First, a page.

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I have become quite familiar with Bulletproofs the last few months. Bulletproofs is the name given to a zero-knowledge proof system for arithmetic circuits, by Benedikt Bünz et al. It is a specific protocol with specific properties.

When Bulletproofs are discussed, they are often contrasted with zk-SNARKs and zk-STARKs. See, for instance, this question on the Ethereum StackExchange, where they discuss properties of Bulletproofs and compare them among zk-SNARKS and zk-STARKs.

A zk-SNARK is a zero-knowledge succinct non-interactive argument of knowledge. A zk-STARK is a "scalable transparent argument of knowledge", according to Eli Ben-Sasson's "Scalable, transparent, and post-quantum secure computational integrity".


To me, it sounds like the comparison ends there: the papers I consulted until now refer to SNARKs and STARKs as a list of properties that a proof system should have, not as a specific instantiation of a proof system. Considering the aforementioned Ethereum.SE question, it seems like both zk-SNARKs and zk-STARKs are actual instances of proof systems, since they list specific complexities and timings. Papers about specific SNARK and STARK construction, e.g. the Ben-Sasson paper, all seem to refer to "previous S[TN]ARK contructions", making me wonder whether the Eth.SE comparison can be fair.

So my question(s) is/are:

  1. What is a zk-SNARK:
    • a specific proof system, and if so: which one?
    • a class of ZK proof systems, and if so: is this class specific enough to claim that proofs are "always 200 bytes"?
  2. The same for zk-STARK, with most probably the same answer.
  3. I feel that question 1. will come down to a class of proof systems, which makes me wonder why Bulletproofs wouldn't be a "zero-knowledge, succinct non-interactive argument of knowledge"; they are typically considered separate.
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  1. A class. Parameters according to which it is standard to compare them, are: prover time, verifier time, proof size, requirement of trusted setup, cryptographic assumptions. For "succinctness", the standard definition requires that verification time is sub-linear and proofs are "small".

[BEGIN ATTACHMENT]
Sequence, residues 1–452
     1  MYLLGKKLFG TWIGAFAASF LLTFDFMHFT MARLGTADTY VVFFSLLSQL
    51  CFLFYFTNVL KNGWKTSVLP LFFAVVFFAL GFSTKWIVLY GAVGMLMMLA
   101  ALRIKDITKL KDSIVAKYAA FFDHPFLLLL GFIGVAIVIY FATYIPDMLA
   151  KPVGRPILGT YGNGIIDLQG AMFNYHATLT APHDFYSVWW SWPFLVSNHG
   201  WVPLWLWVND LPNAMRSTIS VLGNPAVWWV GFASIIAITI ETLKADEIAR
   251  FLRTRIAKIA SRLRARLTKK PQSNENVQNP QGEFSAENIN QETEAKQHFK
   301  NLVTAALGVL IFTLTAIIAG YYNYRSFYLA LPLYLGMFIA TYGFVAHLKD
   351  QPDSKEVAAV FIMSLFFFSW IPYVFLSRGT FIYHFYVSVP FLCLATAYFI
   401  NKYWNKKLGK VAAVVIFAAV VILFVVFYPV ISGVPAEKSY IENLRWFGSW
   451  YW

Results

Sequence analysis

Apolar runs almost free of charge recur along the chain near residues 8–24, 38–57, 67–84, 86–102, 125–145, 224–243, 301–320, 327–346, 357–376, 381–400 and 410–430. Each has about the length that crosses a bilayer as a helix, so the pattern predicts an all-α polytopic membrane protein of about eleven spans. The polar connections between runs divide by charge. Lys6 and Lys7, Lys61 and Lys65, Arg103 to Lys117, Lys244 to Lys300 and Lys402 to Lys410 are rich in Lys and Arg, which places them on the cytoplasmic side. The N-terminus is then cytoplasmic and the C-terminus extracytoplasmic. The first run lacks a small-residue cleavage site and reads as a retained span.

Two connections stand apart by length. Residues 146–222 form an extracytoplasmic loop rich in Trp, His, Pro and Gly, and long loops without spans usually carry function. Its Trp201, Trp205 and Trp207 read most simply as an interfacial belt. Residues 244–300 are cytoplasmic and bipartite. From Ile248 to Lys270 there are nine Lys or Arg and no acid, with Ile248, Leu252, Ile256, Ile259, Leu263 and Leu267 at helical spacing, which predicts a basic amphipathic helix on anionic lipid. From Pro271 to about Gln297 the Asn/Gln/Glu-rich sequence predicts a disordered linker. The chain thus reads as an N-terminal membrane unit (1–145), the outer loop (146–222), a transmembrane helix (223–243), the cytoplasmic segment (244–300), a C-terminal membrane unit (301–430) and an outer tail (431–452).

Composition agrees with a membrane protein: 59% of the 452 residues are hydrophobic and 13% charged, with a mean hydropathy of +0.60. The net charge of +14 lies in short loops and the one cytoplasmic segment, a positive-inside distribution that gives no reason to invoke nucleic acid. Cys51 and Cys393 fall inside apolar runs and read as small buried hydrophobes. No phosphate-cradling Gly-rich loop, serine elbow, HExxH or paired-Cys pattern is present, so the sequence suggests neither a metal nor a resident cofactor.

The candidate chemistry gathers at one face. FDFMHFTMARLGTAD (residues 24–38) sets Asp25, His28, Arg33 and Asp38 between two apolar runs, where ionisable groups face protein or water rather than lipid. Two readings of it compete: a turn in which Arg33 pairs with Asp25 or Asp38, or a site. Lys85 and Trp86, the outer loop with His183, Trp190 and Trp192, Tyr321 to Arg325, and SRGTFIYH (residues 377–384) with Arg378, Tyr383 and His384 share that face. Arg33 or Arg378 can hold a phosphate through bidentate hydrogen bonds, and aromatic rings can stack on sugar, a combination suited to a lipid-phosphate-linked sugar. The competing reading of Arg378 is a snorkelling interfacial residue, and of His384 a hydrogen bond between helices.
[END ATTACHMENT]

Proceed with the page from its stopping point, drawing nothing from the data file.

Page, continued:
2. STARK however, is a name of a specific zk-SNARKS protocol, see any Eli Ben Sasson talk on Youtube for the specific attributes.

  3. I reckon it's because verification time is linear.

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  • $\begingroup$ If your definition of succinctness is right, then Bulletproofs are indeed no SNARK: verifier time is $\mathcal O (n)$, proof size is $\mathcal O ( \log n)$. $\endgroup$ – Ruben De Smet Sep 18 '19 at 11:53
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    $\begingroup$ I confirm that the standard definition of succinctness applies to both size and verification time, which is why Bulletproof is not considered a STARK or a SNARK. $\endgroup$ – Geoffroy Couteau Sep 18 '19 at 11:57
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What is a zk-SNARK: a specific proof system, and if so: which one? a class of ZK proof systems, and if so: is this class specific enough to claim that proofs are "always 200 bytes"?

zk-SNARK (short for zero-knowledge succinct non-interactive argument of knowledge) is a class of non-interactive zero-knowledge proof system which basically satisfies the following properties:

  1. succinct proof: the proof size is short, usually only contains constant number of group elements.
  2. zero-knowledge: the proof does not reveal any private info about prover's secret (witness) to malicious verifier.
  3. knowledge of argument: malicious prover cannot prove a false statement for some NP relation to the verifier such that the verifier accepts it. Usually captured by that there exists an extractor that can extract the witness from the proof.
  4. completeness: If both prover and verifier are honest, verifier will accept the proof with probability 1.

The same for zk-STARK, with most probably the same answer. zk-STARKs is stronger because it is transparent, which means it does not need secret trusted setup. And also current zk-STARKs is constructed using quantum-resistant primitives so it is supposed to be post-quantum secure.

I feel that question 1. will come down to a class of proof systems, which makes me wonder why Bulletproofs wouldn't be a "zero-knowledge, succinct non-interactive argument of knowledge"; they are typically considered separate.

Bulletproofs is not succinct so it is not zk-SNARKs

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  • $\begingroup$ I think indeed the answer to my question lies in what is meant by succinct: the proof size is "short" and prover/verifier time is "fast". However, I find that neither you nor @Chipotle define those terms rigorously. Chipotle clearly says verifier time should be sublinear, you say the proof "usually" contains a constant number of group elements. I feel like both of you have more-or-less halve the answer. $\endgroup$ – Ruben De Smet May 29 at 7:31
  • $\begingroup$ @RubenDeSmet I think Chipotle and me were saying the same thing but from different perspectives, if the proof contains a constant number of group elements, it naturally lead to sublinear verification time (since verifying these group elements you need to check pairings), more specifically, the verification time can be O(logn) for some constructions. $\endgroup$ – CryptoLover May 30 at 0:38

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